The following data is extracted from Historical Collections of Georgia.
In infancy, the subject of this notice was called Nung-noh-hut-tar-hee, or he who slays the enemy in the path. After attaining the age of a hunter, he was asked," Which way did you come into camp?" and he answered, " I came along the top of the mountain." This answer being often repeated, he was called Kah-nung-da-ha-geh, or the man who walks on the mountain's top. We are not able to state precisely the date of his birth, probably about 1771, at a town called Highwassee. His father was a full-blooded Cherokee, and his mother a Cherokee woman, of half-breed. From his earliest infancy, he was inured to patience, fatigue, and self-denial, and upon his reaching the required age, was initiated into the duties of a warrior, with proper solemnities.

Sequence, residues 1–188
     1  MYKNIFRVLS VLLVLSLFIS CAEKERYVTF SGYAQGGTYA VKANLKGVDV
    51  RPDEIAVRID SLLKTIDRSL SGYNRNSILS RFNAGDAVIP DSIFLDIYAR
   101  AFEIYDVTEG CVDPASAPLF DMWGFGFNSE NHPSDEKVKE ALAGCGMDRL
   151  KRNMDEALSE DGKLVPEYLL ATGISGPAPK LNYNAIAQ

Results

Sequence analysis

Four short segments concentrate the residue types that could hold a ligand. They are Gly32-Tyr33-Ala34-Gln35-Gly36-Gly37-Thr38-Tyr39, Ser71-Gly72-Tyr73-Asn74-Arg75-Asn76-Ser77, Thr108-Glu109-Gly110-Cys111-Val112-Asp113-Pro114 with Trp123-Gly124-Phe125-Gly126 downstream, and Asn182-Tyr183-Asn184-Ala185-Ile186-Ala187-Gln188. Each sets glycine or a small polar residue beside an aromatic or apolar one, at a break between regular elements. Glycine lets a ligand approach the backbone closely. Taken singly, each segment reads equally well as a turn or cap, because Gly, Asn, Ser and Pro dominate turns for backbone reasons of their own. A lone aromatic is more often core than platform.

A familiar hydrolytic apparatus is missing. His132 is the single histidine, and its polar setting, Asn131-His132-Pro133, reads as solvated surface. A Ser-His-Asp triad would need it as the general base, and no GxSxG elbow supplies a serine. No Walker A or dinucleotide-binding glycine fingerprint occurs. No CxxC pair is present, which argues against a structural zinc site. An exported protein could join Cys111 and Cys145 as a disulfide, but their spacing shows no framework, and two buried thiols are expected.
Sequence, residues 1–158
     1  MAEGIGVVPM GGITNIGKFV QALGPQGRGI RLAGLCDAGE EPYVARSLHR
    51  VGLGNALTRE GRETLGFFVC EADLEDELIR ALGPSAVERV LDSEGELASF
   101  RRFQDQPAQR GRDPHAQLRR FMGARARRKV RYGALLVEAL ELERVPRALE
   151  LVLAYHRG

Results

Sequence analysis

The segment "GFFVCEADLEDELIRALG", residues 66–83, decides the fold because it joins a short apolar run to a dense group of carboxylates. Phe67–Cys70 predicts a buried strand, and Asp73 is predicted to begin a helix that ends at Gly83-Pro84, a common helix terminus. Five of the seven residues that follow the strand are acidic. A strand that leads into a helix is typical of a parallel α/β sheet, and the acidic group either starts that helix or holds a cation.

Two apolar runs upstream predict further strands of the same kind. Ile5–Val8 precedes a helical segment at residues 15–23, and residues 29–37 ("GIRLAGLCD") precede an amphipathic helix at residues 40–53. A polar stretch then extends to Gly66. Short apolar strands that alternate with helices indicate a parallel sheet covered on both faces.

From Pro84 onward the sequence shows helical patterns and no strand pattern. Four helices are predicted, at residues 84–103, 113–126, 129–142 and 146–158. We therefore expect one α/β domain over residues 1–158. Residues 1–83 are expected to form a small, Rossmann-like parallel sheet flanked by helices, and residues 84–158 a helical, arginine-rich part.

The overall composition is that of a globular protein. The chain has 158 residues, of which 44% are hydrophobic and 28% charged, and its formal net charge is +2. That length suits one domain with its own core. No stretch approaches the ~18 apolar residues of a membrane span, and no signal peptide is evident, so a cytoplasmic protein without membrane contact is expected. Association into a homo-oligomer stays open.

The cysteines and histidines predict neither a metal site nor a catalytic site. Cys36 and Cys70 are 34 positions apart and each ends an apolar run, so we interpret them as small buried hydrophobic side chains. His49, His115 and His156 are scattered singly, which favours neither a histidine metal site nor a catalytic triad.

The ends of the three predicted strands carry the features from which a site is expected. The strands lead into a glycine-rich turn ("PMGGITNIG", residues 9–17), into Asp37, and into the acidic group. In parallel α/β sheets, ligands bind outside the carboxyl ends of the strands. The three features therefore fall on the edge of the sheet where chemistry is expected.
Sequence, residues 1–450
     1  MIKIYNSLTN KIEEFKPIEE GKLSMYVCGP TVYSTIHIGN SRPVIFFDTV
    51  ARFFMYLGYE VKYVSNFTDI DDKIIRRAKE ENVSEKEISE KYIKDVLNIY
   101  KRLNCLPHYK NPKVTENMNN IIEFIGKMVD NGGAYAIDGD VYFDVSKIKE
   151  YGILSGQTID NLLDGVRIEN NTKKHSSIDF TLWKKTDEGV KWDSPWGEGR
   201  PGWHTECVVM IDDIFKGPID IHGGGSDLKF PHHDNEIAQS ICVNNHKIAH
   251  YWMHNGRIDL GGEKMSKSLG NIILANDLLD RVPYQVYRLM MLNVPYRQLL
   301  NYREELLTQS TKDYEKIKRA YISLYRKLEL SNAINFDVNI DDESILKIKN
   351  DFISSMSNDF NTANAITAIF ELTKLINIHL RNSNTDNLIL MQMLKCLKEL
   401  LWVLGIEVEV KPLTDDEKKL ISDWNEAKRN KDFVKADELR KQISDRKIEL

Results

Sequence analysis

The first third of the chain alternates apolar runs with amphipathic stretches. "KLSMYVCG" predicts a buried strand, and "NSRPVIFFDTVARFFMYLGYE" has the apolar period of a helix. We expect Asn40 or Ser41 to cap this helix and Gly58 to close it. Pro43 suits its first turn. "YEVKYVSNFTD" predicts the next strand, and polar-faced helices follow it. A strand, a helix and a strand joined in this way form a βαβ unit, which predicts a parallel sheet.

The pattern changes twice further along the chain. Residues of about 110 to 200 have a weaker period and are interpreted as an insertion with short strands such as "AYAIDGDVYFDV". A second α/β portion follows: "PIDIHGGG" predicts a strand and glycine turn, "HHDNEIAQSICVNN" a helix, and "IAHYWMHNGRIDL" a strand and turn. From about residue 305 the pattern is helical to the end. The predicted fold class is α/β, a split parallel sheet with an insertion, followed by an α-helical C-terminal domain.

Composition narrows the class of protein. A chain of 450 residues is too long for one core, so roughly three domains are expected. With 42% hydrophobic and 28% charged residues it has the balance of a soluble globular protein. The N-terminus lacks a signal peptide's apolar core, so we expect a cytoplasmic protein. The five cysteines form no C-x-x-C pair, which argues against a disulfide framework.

When fourteen years old, he joined a war party against the Americans, at Cheestooyee, and afterwards a large party against Knoxville, in Tennessee. At the age of twenty-one, he was selected as a member of the Cherokee Council. At this time he had no property but the clothes he wore, some silver ornaments, and a white pony, stunted, old and ugly, on which he rode to the Council; the members of which observing his mean appearance, ridiculed him, and proposed to exclude him from their deliberations. At first, he merely listened; but at the second Council he proposed many useful laws. He gradually won the confidence of the Cherokees, and finally became One of the first men in the nation. At the battle of the Horse Shoe, under Gen. Jackson, he greatly distinguished himself. He emigrated to the West with his tribe, and was afterwards murdered, as it was believed, by the emissaries of that portion of the Cherokees opposed to emigration.
Source: Historical Collections of Georgia